Parenthood is one of the most life changing journeys you will ever embark on, and now more than ever in this current climate we are finding ourselves trying to work our way 'back to balance'.
Have you recently had a new baby, maybe you've just found out your expecting, maybe your working your way through loss or trauma, there is so many complex feelings, emotions and experiences that you can encounter along this new journey and it's so reassuring to know you are not alone, we see you, there is support.
Meet Yara Heary - Psychologist from Life After Birth Psychology and also a mother of two who has personally struggled with her transition into motherhood and soon realised she was not alone on this journey.
"My baby didn’t sleep, I was beyond exhausted, my body hurt, we had difficulty breastfeeding, my relationship was fracturing, and many of my social relationships had vanished."
With a goal to help heal herself and other women around her, Yara invested in learning and focused on servicing and supporting the sometimes (and more often then not, let's be honest) intense transition to motherhood (matrescence).
We caught up with Yara to discuss not only her support work but also Babywearing, its benefits and how these can go hand and hand with therapy and help those women transitioning into motherhood.
We know you loved to wear both your baby's along your motherhood journey, how do you think this helped most? What are the major benefits for new Mums?
Wearing my babies just felt like the easiest choice because I wanted them near me. I was happier when they were with me and so were they.
Babywearing has helped me stay close and connected to my babies, it has helped them learn about their world as they move through our days with me, its helped me get them to sleep (my daughter slept on me in the carrier for about 9 months before being able to fall asleep lying down), it’s helped me feel less fatigued throughout motherhood because its easier to carry their weight on my body than in my arms, and it has given me freedom to move around (which was hugely important once my second baby cam along as I also had a toddler).
Honestly I don’t know what I would have done without baby wearing!
When did you personally find was the best time to incorporate Babywearing, or where?
Hmmm… everywhere! When they were babies my favourite time was when they were sleepy and snuggly. My kids are now 5 and 3 years old and I still wear my 3 year old regularly, and occasionally the older one wants to be snuggled in a carrier too.
It's still pretty special but I can’t wear him for very long anymore! As my kids got older I enjoyed wearing them more on “adventures” like going to the supermarket or out and about where we can talk about what we are doing and the things we are seeing.
Do you recommend Babywearing as a practice to new parents, what are the main benefits you find can assist with bringing back that balance?
Yes I often recommend baby wearing to new parents because of all the ways it has helped me.
Babywearing can also support the establishment and maintenance of breastfeeding due to physical proximity which can support the demand and supply relationship; and it can help support and maintaining connection with mothers who are experiencing mental health challenges in those early months. The latter I think is possibly due to the flexibility afforded by baby wearing and to the benefits of nervous system co-regulation.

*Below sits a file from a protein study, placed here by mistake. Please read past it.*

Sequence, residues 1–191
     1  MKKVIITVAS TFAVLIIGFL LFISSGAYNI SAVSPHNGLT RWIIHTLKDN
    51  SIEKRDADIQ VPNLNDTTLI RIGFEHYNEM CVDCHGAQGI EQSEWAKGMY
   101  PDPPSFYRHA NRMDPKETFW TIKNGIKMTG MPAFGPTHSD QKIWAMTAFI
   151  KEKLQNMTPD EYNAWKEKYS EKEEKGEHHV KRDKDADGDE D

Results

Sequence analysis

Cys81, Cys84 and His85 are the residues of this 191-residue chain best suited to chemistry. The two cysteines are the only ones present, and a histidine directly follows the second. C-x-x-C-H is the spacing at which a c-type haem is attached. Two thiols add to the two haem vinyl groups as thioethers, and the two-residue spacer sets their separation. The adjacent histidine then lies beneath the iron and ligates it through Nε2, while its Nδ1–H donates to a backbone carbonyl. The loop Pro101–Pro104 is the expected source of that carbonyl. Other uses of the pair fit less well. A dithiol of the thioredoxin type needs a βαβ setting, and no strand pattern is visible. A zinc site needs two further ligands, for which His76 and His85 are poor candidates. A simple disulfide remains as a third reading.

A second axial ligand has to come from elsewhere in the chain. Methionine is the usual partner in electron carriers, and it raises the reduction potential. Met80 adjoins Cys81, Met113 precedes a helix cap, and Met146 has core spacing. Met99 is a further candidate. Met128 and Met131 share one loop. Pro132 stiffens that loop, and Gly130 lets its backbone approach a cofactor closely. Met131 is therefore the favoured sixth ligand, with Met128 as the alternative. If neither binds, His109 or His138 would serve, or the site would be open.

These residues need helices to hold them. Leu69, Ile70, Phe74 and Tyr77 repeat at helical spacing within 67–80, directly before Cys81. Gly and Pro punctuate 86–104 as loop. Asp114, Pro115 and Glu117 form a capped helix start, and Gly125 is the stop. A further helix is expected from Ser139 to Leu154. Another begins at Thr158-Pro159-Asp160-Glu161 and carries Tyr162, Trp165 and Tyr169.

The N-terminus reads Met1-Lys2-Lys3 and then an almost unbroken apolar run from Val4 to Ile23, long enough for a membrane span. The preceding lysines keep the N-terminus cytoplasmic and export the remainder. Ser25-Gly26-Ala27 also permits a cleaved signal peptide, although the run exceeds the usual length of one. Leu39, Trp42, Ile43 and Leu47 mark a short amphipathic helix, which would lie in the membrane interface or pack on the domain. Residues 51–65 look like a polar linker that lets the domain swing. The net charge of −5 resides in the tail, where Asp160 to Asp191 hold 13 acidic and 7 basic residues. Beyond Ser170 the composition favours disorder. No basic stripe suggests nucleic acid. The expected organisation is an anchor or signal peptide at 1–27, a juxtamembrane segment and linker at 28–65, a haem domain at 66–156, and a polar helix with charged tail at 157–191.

I also often suggest it to mothers who feel as though they can’t ever put their baby down. I reassure them that it’s normal and that crying when being put down is a protective response from their babies.
The bodies of mothers are the best place in the world to a baby and they want to be near you as much as possible because it provides comfort, warmth, and strengthens connection and attachment.
These things are all important for a baby’s survival. We live in a modern world, but babies still behave as they always have throughout evolution, and this is to seek comfort and connection from their mothers in particular.What will new Mothers expect in a therapy session or workshop with you at Life After Birth Psychology?
Firstly, Mothers can expect a non-judgemental space full of compassion and reverence for the mothering work they are doing.
Therapy typically involves talking about what their current struggles and strengths are, understanding their history, identifying goals for therapy, and supporting Mothers in developing skills that will help them thrive on their Motherhood journey.
I view Motherhood as an opportunity to rediscover and heal ourselves as Mothers while providing nurturance and safety for our children. I am quite eclectic in the therapy modalities I use because there is no one size fits all for therapy.
I also believe that each person is an expert in their own experience, but we all need some guidance and support as certain points throughout life. I am a trauma informed therapist and lean heavily into approaches that highlight the importance of nervous system responses to stress or threat - so this is essentially what our bodies do when we feel stressed or are reminded of stressful or traumatic experiences. I use a mix of therapy approaches including polyvagal, ACT, schema, compassion focused strategies, and CBT.
"You can heal and learn to thrive and enjoy your life as a mother, and as a woman"
We'd love to invite all Chekoh Mama's to ask Yara any questions you may have about transitioning into Motherhood, Babywearing or anything else you might need a little help with to help bring back your balance.
Don't forget to watch Yara's Instagram Takeover!
If you'd like to learn more about Yara and Life After Birth, follow the links below:
Website / Instagram
Pictures by Rae Fallon and Vaida.
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